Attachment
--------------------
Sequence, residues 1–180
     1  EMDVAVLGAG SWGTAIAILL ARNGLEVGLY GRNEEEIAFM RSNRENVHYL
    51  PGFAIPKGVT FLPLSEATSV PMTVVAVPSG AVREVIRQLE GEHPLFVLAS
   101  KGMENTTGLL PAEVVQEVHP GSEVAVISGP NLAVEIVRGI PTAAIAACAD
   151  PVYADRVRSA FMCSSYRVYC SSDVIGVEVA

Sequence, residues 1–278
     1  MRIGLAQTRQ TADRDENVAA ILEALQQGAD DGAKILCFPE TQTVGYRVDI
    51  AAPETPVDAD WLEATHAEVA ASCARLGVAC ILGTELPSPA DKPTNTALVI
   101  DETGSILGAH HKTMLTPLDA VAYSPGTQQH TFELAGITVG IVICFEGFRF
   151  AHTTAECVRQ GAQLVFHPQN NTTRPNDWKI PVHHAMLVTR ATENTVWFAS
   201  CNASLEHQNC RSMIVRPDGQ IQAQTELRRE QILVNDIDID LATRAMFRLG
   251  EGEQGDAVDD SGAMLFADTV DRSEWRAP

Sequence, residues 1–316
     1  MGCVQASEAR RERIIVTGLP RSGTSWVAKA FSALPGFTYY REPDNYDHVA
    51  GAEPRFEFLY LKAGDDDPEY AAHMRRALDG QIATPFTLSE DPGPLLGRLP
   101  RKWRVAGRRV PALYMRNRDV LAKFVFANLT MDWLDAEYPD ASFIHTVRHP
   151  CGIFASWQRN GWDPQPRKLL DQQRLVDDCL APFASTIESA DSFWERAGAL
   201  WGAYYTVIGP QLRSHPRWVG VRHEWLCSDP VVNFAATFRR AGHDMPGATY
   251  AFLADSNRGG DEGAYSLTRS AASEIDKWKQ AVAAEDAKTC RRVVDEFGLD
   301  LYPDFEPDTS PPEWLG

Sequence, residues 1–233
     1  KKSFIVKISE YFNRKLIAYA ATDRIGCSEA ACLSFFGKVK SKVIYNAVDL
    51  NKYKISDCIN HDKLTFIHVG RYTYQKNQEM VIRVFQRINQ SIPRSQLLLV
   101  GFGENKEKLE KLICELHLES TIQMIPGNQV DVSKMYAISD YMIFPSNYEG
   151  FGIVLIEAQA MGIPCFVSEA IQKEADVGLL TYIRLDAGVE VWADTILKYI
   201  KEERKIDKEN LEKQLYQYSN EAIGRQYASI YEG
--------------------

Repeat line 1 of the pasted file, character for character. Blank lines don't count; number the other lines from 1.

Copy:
Sequence, residues 1–180